In praise of virtual travel writing

Nice story here about underpaid author Thomas Kohnstamm, who wrote his Lonely planet guide without going to Columbia. (Or did he go there and have to deal coke to survive? LD is characteristically confused.)

Guidebooks are so superficial, and information online so plentiful, that there’s actually no reason now why they shouldn’t be written from afar. (Diplomats all over the world are currently being binned for the same reason; this links in to the gradual decline of the late 20th century fetish on writing about X unless you are X, but let’s not go there today.)

In the same vein, it is also possible to visit somewhere and nevertheless fail to come up with the goods. I think Claire Prentice, writing in the (London) Times this weekend, actually visited to Barcelona. But, while she may have had a great time, she still gets approaching half her hard data wrong. Stuff like:

  • Girona Airport is 90-110 minutes by car or 75 by bus from Barcelona city centre, not 40;
  • it’s “Aeroport del Prat”, not “d’el Prat”;
  • the tramontana typically blows up in Figueres at any time apart from the summer, when the prevailing wind is southerly;
  • the new statute of autonomy came onto the books two years ago, not this spring;
  • ETA didn’t declare a ceasefire in May (year?);
  • there ain’t much construction going on east of the city but there is a whole lot of Mediterranean out there;
  • completion of the Sagrada Familia is scheduled for 2026, not post-2058;
  • it’s família, not famalia, although what she or the sub is getting at is anyone’s guess.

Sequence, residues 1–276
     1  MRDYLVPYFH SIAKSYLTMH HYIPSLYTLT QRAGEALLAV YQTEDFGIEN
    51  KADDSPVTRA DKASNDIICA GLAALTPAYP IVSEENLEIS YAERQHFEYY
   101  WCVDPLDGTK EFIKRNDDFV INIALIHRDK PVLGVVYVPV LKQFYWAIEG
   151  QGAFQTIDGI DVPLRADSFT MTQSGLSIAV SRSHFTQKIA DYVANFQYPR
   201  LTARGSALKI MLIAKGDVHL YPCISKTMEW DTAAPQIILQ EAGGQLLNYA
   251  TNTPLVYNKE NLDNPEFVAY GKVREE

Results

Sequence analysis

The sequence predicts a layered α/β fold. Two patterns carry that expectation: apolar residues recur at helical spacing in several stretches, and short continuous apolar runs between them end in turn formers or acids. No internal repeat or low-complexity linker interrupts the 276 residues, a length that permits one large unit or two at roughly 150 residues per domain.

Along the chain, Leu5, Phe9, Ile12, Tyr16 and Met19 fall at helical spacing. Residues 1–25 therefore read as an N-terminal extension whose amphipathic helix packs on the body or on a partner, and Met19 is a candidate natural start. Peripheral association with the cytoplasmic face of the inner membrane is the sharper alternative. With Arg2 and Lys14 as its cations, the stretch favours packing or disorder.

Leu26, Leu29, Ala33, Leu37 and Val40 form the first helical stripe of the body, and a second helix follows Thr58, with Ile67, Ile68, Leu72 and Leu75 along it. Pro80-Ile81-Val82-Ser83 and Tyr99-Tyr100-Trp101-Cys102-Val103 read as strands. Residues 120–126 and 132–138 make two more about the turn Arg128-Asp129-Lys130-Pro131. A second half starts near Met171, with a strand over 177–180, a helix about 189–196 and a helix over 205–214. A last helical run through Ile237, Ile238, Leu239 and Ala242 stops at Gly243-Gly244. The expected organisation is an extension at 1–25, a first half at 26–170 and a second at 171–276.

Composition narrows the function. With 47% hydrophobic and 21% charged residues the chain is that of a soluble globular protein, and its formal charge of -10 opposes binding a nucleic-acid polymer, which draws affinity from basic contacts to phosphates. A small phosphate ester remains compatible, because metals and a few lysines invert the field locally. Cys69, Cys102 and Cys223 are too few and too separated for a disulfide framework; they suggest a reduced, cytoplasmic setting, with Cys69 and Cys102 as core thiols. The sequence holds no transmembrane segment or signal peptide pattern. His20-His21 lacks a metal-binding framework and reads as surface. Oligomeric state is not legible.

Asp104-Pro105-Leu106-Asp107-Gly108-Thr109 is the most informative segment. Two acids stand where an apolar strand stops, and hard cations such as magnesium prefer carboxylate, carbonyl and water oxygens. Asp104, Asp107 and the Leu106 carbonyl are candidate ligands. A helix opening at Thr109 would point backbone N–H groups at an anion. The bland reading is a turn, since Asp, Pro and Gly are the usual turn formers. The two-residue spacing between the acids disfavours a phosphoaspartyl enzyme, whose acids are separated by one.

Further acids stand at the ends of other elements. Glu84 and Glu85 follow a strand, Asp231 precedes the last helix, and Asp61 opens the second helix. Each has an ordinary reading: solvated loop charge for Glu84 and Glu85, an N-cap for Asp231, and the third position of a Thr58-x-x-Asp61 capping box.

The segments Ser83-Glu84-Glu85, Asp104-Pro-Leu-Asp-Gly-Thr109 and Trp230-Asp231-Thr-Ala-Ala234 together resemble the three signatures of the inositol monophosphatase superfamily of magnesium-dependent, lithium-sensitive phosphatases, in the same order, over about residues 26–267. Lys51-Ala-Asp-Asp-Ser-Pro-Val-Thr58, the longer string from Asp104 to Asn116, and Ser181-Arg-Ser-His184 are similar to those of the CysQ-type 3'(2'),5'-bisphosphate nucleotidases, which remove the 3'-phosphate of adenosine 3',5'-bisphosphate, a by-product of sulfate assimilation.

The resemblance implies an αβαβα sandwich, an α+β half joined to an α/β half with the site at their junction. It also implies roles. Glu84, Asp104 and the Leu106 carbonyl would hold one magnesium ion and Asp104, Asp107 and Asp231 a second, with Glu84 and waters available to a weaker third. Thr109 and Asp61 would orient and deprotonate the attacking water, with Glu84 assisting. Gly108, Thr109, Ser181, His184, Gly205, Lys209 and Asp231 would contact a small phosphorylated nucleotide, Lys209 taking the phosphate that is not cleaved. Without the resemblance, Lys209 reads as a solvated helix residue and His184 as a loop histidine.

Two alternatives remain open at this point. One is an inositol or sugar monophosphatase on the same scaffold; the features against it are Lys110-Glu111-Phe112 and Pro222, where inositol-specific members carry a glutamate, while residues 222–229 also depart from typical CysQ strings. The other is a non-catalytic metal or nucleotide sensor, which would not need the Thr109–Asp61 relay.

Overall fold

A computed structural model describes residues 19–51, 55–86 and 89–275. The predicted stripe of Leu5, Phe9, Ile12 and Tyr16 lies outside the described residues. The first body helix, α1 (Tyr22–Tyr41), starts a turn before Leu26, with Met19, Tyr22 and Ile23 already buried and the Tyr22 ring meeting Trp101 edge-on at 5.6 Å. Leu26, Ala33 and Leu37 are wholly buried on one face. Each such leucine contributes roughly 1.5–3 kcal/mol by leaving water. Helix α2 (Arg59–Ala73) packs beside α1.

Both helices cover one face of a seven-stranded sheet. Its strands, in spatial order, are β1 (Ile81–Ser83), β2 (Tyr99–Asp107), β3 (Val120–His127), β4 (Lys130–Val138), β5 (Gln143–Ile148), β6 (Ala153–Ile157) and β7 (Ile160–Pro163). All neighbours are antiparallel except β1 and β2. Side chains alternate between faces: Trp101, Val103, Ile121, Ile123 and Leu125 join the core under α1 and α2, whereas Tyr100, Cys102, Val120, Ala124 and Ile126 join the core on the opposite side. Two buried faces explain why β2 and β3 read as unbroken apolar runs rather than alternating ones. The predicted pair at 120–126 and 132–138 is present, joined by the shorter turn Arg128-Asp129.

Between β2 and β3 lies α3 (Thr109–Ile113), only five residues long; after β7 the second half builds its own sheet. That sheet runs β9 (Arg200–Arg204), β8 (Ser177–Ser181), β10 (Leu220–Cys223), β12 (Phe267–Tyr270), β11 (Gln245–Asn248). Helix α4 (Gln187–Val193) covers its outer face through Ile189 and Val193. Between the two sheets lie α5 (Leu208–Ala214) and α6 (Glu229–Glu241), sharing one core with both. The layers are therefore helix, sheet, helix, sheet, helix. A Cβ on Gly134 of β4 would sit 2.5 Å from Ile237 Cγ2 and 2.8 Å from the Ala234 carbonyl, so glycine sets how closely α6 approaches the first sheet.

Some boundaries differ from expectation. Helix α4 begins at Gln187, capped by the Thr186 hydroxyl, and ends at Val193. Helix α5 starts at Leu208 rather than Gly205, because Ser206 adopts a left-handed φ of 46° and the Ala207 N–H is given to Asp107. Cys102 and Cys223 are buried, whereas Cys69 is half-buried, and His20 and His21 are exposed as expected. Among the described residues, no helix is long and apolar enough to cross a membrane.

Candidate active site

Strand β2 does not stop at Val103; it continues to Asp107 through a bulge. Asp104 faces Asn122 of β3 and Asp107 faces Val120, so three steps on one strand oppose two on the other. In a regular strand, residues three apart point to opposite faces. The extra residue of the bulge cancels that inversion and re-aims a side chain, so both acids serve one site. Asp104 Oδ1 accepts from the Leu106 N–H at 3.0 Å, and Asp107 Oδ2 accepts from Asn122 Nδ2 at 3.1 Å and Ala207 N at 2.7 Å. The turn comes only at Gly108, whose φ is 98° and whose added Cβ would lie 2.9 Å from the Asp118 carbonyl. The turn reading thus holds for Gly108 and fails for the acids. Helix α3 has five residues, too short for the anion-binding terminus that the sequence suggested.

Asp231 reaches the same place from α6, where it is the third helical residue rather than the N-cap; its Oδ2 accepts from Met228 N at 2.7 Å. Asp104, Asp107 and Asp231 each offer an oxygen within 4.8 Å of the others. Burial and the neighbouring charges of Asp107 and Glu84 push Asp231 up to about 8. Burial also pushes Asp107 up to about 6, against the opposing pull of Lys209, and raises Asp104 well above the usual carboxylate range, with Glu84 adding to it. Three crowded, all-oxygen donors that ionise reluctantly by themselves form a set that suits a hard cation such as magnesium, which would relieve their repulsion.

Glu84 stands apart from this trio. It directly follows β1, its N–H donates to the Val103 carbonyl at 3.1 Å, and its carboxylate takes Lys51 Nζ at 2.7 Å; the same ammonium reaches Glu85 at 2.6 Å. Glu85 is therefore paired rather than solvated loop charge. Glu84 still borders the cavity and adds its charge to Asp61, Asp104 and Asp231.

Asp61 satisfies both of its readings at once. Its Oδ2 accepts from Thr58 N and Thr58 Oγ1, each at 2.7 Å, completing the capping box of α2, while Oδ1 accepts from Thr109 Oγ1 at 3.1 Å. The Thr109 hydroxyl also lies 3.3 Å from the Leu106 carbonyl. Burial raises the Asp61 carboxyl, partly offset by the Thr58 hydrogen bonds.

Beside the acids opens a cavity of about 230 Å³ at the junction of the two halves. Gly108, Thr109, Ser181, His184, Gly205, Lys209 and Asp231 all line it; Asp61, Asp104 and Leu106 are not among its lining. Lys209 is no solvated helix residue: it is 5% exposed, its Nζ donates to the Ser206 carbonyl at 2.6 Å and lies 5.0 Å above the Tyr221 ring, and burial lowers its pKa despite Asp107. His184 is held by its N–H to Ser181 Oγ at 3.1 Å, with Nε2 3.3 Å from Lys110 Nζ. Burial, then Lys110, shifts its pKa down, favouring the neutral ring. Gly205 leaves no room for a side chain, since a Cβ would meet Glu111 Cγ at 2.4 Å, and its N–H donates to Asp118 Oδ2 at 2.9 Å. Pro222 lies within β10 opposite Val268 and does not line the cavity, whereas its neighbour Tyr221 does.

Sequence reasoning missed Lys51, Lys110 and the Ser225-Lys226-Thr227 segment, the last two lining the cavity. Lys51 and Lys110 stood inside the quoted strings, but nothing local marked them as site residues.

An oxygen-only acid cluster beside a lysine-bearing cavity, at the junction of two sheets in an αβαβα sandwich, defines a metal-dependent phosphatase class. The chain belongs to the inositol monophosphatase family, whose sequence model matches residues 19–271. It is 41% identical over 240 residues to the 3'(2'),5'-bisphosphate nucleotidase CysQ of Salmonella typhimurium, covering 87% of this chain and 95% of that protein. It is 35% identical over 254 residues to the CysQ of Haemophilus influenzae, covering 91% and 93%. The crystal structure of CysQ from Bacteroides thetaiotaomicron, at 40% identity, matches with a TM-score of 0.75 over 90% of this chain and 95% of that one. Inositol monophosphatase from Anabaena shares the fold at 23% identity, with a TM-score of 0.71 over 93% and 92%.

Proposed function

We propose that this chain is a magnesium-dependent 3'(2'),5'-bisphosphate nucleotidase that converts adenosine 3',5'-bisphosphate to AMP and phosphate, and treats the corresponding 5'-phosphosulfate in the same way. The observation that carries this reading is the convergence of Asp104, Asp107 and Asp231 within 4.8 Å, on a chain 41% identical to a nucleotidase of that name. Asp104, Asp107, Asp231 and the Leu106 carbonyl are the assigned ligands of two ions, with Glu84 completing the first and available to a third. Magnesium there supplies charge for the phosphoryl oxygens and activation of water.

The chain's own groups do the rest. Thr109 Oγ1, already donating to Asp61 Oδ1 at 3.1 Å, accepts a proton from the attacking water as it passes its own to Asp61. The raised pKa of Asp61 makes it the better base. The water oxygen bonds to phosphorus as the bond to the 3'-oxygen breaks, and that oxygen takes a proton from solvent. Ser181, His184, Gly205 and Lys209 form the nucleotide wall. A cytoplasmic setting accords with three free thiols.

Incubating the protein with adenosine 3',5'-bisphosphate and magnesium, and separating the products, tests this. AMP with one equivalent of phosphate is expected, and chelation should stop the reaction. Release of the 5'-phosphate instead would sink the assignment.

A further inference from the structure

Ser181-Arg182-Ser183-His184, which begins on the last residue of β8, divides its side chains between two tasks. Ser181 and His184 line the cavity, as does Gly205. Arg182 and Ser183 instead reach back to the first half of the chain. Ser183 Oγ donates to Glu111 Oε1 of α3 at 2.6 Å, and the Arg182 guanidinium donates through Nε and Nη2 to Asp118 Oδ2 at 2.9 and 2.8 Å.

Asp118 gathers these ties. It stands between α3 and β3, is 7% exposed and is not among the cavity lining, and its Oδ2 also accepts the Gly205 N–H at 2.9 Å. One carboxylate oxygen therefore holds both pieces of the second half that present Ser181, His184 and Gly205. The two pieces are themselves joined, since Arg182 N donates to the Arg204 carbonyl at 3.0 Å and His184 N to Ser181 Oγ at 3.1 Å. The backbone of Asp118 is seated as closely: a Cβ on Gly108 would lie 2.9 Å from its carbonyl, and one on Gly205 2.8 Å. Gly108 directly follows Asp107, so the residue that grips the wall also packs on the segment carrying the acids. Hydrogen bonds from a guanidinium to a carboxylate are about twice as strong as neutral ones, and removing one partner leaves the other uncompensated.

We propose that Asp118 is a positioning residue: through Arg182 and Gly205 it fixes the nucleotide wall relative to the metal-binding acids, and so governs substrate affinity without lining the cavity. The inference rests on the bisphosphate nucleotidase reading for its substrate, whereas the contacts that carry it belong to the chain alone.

Claire Prentice’s silliest moment come when she tries to add a human touch:

[Gaudí’s] work had a typically Catalan spirit, which lives on today. While staff in shops, bars and restaurants in the centre are happy to talk to customers in the official Castilian Spanish, or English, you don’t have to travel too far to get a taste of Catalan nationalism. In a tobacco shop a few miles north of the city centre, my request (in Castilian) for three stamps is waved away by the middle-aged man serving. A faltering attempt in the guttural-sounding Catalan prompts a chuckle, but it also delivers the goods.

Speaking as a manic anti-nationalist ranter, this strikes me as complete bollocks. I’ve been in most of the separatist bars in Barcelona and have never been refused service for using Spanish, although I’ve had a few strange looks. And there is absolutely no way anyone would get funny with a customer for using that language in a normal shop, for the simple reason that roughly 77% of the local market regards itself as primarily Spanish-speaking. The most plausible explanation is that the guy in the shop couldn’t understand Claire Prentice because her Spanish is non-existent.

If you live in Barcelona, you know this stuff-and, for example, Graham Keeley does. If you don’t, you need to research it. So if we’re going to be written about by furriners, let’s have less Claire Prentices and more Thomas Kohnstamms. And don’t rely on any of them.

(Via Iberian Notes)

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  1. Trevor – you’re right. We’ve had this discussion on many blogs and I never believe it. Even if you’re in deepest Lleida you’ll get served if you speak Spanish. I too am convinced that the problem comes from people who think they can speak Spanish but can’t, combined with the normal total lack of effort which is traditional among for anyone serving customers in Spain.

  2. Terra d’Escudella on c/ Premiá in Sans doesn’t serve people who speak Spanish.

  3. So what do you expect if you go to place full of flags and where everyone has a turnip head and dresses like Munich 1923? They used to be more civilised, but things have changed quite considerably in the last couple of years, and there are plenty of people now who will pretend they can’t understand you to avoid the indignity of you giving them money. All *so* unconstitutional, but I’d be perfectly happy to let them get on with their incestuous practices if they’d extend the same freedom to everyone else.

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